Westminster City Council has released a new policy paper looking at the challenges faced by the housing market and putting forward three simple proposals that could free local authorities to help solve national housing shortages, while giving the economy a much needed boost.
The paper – entitled, ‘Building an economic recovery’ – was written in conjunction with the Home Builders Federation, and proposes:
- Localising an element of Stamp Duty – The new £2 million threshold for Stamp Duty Land Tax will be worth £300 million per year to the Treasury by 2015. Westminster argues that ring-fencing just a small proportion of these receipts for spending on local affordable housing programmes could help local authorities mitigate the effect of many long-term residents being priced out of the local market, whilst building up to 2,250 new homes for rent or affordable ownership each year and supporting more than 3,000 jobs. This would give authorities the opportunity to help maintain strong, mixed communities without resorting to introducing a mansion tax.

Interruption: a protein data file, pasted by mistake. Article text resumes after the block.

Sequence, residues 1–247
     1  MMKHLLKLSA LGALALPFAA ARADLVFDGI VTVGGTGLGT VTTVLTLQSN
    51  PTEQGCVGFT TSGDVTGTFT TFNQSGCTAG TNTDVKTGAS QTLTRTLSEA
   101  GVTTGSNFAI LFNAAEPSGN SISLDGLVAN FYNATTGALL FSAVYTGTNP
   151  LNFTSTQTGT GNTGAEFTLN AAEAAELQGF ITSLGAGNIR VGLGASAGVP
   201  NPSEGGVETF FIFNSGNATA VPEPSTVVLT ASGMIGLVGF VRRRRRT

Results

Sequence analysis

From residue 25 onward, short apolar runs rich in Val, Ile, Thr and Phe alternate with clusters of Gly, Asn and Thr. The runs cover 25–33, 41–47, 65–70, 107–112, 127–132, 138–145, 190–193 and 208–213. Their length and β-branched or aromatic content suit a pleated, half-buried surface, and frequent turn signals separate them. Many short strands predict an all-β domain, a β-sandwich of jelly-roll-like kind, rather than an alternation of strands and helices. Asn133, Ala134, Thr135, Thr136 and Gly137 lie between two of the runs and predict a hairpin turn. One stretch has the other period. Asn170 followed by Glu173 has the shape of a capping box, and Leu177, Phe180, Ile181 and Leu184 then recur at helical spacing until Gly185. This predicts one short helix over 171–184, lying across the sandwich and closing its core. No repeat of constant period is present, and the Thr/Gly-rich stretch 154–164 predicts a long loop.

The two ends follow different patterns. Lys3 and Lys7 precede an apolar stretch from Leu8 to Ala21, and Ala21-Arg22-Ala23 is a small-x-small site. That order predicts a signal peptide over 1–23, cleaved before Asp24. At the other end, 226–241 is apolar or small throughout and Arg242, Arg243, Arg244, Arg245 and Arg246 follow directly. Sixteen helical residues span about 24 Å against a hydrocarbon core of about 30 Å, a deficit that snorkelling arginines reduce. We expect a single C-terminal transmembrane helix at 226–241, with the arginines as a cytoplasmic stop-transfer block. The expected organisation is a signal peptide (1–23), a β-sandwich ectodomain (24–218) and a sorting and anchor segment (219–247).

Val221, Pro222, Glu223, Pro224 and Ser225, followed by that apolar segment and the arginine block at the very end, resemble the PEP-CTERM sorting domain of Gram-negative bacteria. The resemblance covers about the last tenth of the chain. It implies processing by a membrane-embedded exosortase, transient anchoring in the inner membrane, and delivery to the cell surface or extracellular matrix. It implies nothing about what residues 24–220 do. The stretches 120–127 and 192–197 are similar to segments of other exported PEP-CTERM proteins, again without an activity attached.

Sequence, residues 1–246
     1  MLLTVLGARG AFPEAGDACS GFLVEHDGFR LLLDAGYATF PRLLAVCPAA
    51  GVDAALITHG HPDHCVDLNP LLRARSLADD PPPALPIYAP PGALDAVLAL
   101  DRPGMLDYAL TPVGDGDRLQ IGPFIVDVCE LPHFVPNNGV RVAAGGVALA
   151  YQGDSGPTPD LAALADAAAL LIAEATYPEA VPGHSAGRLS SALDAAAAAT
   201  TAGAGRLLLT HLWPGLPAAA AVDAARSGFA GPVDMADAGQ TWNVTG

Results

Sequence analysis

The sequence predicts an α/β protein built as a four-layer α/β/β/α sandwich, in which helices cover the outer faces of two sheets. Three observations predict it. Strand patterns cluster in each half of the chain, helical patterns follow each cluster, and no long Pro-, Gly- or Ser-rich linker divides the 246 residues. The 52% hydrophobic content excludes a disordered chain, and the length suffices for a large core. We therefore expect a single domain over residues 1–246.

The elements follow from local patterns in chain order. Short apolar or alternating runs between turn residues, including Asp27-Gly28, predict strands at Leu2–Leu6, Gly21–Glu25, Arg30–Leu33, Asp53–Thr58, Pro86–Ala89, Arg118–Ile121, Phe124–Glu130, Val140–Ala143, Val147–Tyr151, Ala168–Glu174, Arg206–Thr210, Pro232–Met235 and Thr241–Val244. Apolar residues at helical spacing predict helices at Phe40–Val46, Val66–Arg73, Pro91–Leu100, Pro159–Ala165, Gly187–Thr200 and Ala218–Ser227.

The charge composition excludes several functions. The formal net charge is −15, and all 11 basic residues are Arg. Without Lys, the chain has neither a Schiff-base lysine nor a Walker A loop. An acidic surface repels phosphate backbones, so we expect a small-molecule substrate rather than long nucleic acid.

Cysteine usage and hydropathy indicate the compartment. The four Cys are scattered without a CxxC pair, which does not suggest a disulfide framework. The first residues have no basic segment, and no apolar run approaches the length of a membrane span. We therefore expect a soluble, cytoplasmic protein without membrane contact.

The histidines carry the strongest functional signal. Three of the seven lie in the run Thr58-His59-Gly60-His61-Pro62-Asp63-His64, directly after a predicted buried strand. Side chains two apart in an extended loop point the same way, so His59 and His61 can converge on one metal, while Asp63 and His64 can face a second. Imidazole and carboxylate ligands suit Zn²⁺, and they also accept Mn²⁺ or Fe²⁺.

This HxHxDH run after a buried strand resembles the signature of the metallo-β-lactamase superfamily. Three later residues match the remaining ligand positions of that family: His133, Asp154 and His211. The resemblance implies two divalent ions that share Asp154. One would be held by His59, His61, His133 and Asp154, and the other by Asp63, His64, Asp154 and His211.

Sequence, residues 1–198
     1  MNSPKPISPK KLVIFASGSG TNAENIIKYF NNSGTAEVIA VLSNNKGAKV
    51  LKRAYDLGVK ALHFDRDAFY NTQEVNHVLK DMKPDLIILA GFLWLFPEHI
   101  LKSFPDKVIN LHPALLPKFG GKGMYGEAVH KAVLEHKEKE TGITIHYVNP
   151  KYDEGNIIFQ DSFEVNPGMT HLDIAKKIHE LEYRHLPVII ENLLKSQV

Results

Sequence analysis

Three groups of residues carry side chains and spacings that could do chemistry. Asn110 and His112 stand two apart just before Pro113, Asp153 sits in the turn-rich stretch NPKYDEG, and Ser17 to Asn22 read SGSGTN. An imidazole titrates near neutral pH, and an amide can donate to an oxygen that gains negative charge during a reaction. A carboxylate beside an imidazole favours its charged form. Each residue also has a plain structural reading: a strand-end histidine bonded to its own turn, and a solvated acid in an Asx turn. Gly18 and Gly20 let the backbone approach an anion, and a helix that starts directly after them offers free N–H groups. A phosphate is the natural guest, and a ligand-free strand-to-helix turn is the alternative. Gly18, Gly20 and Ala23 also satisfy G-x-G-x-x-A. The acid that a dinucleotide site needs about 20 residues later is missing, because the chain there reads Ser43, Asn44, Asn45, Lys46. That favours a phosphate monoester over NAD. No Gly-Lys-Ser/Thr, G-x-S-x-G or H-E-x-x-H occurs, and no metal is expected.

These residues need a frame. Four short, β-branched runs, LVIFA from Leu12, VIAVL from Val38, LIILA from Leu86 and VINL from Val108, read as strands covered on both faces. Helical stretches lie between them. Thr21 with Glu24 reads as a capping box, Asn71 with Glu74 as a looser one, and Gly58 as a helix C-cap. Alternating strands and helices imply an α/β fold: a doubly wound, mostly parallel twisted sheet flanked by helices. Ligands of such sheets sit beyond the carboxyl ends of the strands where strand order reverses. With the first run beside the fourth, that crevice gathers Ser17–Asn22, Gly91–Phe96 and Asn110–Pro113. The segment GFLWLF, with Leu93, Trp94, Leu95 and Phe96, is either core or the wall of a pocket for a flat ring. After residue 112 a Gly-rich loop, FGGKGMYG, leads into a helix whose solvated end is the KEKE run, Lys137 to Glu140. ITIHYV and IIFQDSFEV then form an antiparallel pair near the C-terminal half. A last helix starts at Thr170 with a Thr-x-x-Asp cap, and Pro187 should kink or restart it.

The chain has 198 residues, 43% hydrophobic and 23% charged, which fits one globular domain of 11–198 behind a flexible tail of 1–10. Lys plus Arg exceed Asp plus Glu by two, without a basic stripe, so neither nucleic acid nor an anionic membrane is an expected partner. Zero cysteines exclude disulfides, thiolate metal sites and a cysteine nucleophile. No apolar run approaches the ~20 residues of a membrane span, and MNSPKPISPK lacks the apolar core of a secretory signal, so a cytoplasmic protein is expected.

- More freedom in the Housing Revenue Account system – Westminster believes that the recent reform of the Housing Revenue Account (HRA) does not sufficiently align investment need with borrowing capacity, meaning that many councils will be unable to fulfil their own development potential. The creation of a marketplace for HRA headroom, so that councils can trade capacity, would help to match need with capacity and maximise the number of new homes built but will not increase overall public borrowing, argues Westminster.
- More creative use of public money to improve the viability of sites – Instead of providing up-front grants for affordable housing, public investments could be used to unlock sites that have infrastructure requirements and/or be made on the basis of an equity share in the development, repaid by the developer using the proceeds from sales and share of any ‘super-profits’, Westminster claims.
Cllr Jonathan Glanz, Westminster’s cabinet member for housing, said, “On their own, the ideas put forward in this paper will not solve the housing crisis but they would allow local government to use its skills and resources to help deliver the homes this country needs and play a greater role in supporting an economic recovery.”
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